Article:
**Zappe, Christopher : Bucknell University **

Chris Zappe earned his BA in mathematics from DePauw University in 1983 and his MBA and Ph.D. in Decision Sciences from Indiana University in 1987 and 1988, respectively. Between 1988 and 1993, he performed research and taught various courses in the decision sciences area at the University of Florida in the College of Business Administration. Since 1993, Chris has been serving as an associate professor of decision sciences in the Department of Management at Bucknell University. He currently teaches undergraduate courses in business statistics, decision analysis, and computer simulation. Moreover, Chris teaches advanced seminars in applied game theory, system dynamics, risk assessment, and mathematical economics. He has published articles in various journals including Managerial and Decision Economics, OMEGA, Naval Research Logistics, and Interfaces, and is co-author of DATA ANALYSIS AND DECISION MAKING. His current scholarly interests focus on mathematical programming models of performance appraisal processes and innovative pedagogies in operations research/management science.

Table of Contents

**1. Introduction to Data Analysis for Managers.**

Introduction. An Overview of the Book. Excel versus Standalone Statistical Softw are. A Sampling of Examples. Conclusion.

Part I: GETTING, DESCRIBING, AND SUMMARIZING DATA.

2. Describing Data: Graphs and Tables.

Introduction. Basic Concepts. Frequency Tables and Histograms. Analyzing Relatio nships with Scatterplots. Time Series Plots. Exploring Data with Pivot Tables. C onclusion.

**3. Describing Data: Summary Measures.**

Introduction. Measures of Central Location. Quartiles and Percentiles. Minimum, Maximum, and Range. Measures of Variability: Variance and Standard Deviation. Ob taining Summary Measures with Add-Ins. Measures of Association: Covariance and C orrelation. Describing Data Sets with Boxplots. Applying the Tools. Conclusion.

**4. Getting the Right Data.**

Introduction. Sources of Data. Using Excel's AutoFilter. Complex Queries with th e Advanced Filter. Importing External Data from Access. Creating Pivot Tables fr om External Data. Web Queries. Other Data Sources on the Web. Cleansing the Data . Conclusion.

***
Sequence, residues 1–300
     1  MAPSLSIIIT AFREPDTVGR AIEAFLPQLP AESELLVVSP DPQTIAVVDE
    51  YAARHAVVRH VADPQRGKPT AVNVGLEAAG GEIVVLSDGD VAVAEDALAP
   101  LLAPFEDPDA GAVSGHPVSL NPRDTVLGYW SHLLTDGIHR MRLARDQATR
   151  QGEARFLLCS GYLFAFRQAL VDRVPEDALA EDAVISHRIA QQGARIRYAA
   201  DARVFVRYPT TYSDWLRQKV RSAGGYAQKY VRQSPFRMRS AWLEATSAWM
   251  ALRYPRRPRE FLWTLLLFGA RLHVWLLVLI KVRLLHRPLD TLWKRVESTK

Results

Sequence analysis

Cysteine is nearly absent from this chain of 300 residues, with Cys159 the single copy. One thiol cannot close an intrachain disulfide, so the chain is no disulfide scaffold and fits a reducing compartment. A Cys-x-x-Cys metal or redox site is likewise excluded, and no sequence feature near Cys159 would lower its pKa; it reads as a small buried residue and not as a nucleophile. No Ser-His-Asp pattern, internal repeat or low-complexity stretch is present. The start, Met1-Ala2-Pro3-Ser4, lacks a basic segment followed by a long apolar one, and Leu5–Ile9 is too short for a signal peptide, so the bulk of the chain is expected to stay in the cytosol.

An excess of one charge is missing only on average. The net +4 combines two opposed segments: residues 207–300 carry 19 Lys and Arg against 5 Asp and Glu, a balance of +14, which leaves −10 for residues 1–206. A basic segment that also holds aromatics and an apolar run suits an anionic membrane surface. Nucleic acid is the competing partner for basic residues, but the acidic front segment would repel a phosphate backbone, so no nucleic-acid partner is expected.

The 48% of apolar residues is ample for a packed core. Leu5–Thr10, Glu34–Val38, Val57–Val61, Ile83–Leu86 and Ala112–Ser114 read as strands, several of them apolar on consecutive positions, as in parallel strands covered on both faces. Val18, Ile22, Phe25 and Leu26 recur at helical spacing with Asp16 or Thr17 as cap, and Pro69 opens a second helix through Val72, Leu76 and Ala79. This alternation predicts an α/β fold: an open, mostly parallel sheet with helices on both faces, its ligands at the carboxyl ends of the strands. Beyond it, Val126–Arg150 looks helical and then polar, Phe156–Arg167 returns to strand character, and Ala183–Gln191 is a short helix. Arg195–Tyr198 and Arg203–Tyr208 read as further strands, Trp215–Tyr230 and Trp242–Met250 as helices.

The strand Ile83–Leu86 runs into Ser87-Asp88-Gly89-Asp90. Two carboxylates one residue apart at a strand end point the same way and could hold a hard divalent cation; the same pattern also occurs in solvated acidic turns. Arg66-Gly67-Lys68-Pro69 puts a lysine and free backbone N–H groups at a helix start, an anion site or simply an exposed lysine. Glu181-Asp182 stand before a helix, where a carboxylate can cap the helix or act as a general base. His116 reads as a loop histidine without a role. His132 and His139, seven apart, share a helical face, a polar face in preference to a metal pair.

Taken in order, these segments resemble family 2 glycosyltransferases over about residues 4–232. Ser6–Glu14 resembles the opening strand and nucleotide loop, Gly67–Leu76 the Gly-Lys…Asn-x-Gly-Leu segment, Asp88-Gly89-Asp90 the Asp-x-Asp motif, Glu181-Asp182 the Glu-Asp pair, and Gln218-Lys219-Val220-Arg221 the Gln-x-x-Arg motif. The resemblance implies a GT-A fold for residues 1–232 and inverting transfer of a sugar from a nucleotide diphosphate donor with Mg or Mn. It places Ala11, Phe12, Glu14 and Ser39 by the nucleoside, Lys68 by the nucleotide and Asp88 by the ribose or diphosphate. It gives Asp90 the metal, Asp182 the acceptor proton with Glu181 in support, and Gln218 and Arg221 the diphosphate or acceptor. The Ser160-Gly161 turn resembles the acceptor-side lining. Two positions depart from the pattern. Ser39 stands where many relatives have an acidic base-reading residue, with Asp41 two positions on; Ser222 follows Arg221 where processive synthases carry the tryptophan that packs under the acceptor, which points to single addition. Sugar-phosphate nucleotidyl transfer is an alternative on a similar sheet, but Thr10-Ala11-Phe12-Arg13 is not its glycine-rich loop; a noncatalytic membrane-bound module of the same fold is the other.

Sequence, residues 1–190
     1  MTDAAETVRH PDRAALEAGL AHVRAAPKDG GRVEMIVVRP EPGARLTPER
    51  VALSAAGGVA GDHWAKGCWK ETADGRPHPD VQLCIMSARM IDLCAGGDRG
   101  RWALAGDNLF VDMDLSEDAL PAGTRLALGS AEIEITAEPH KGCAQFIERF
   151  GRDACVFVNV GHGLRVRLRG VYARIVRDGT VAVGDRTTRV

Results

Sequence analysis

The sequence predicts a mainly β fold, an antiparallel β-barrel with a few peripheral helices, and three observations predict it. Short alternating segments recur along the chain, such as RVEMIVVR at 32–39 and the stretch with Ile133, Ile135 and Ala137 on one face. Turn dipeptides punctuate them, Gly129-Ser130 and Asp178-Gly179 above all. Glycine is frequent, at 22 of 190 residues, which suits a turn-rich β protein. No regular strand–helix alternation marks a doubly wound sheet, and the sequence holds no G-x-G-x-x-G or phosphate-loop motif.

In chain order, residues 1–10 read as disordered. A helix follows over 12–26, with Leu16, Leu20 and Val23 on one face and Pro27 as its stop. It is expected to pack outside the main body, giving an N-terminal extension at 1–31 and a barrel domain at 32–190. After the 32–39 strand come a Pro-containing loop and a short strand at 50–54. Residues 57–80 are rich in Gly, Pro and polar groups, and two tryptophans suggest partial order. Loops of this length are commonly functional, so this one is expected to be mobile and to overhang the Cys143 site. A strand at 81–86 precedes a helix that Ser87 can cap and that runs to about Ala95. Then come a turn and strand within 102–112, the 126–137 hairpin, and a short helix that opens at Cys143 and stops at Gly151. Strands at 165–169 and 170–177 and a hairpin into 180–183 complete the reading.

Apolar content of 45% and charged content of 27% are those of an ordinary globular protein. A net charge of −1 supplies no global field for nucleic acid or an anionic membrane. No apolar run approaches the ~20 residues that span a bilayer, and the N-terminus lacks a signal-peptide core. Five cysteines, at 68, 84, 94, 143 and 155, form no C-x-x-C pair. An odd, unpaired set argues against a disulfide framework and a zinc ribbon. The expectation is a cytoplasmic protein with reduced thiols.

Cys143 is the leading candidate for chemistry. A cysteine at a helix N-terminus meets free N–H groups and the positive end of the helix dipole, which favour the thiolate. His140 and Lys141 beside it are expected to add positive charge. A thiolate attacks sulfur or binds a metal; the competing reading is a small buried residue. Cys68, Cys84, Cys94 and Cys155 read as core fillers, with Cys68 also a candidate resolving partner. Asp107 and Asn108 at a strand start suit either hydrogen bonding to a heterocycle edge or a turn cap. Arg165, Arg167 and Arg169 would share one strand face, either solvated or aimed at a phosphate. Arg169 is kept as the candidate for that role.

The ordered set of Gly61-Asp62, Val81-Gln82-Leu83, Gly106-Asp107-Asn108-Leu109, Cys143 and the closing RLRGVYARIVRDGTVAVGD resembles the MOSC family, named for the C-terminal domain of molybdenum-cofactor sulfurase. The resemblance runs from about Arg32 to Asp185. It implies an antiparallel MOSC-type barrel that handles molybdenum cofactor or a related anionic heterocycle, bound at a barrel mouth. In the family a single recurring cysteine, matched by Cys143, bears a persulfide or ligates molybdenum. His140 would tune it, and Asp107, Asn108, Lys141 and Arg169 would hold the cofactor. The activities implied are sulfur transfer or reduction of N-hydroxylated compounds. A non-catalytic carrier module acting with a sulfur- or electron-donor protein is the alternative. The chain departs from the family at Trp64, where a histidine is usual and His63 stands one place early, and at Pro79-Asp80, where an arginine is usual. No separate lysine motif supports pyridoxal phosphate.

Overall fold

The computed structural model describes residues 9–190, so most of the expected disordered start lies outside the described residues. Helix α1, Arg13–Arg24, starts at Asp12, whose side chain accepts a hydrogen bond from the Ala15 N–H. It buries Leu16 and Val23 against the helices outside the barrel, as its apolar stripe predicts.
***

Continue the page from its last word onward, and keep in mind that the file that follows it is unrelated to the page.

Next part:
Part II: PROBABILITY, UNCERTAINTY, AND DECISION MAKING.

5. Probability and Probability Distributions.

Introduction. Probability Essentials. Distribution of a Single Random Variable. An Introduction to Simulation. Distribution of Two Random Variables: Scenario Ap proach. Distribution of Two Random Variables: Joint Probability Approach. Indepe ndent Random Variables. Weighted Sums of Random Variables. Conclusion.

**6. Normal, Binomial, Poisson, and Exponential Distributions.**

Introduction. The Normal Distribution. Applications of the Normal Distribution. The Binomial Distribution. Applications of the Binomial Distribution. The Poisso n and Exponential Distributions. Fitting a Probability Distribution to Data: Bes tFit. Conclusion.

**7. Decision Making Under Uncertainty.**

Introduction. Elements of a Decision Analysis. The PrecisionTree Add-In. More Si ngle-Stage Examples. Multistage Decision Problems. Bayes' Rule. Incorporating At titudes Toward Risk. Conclusion.

Part III: STATISTICAL INFERENCE.

8. Sampling and Sampling Distributions.

Introduction. Sampling Terminology. Methods for Selecting Random Samples. An Int roduction to Estimation. Conclusion.

**9. Confidence Interval Estimation.**

Introduction. Sampling Distributions. Confidence Interval for a Mean. Confidence Interval for a Total. Confidence Interval for a Proportion. Confidence Interval for a Standard Deviation. Confidence Interval for the Difference between Means. Confidence Interval for the Difference between Proportions. Controlling Confide nce Interval Length. Conclusion.

**10. Hypothesis Testing. **

Introduction. Concepts in Hypothesis Testing. Hypothesis Tests for a Population Mean. Hypothesis Tests for Other Parameters. Tests for Normality. Chi-Square Tes t for Independence. One-Way ANOVA. Conclusion.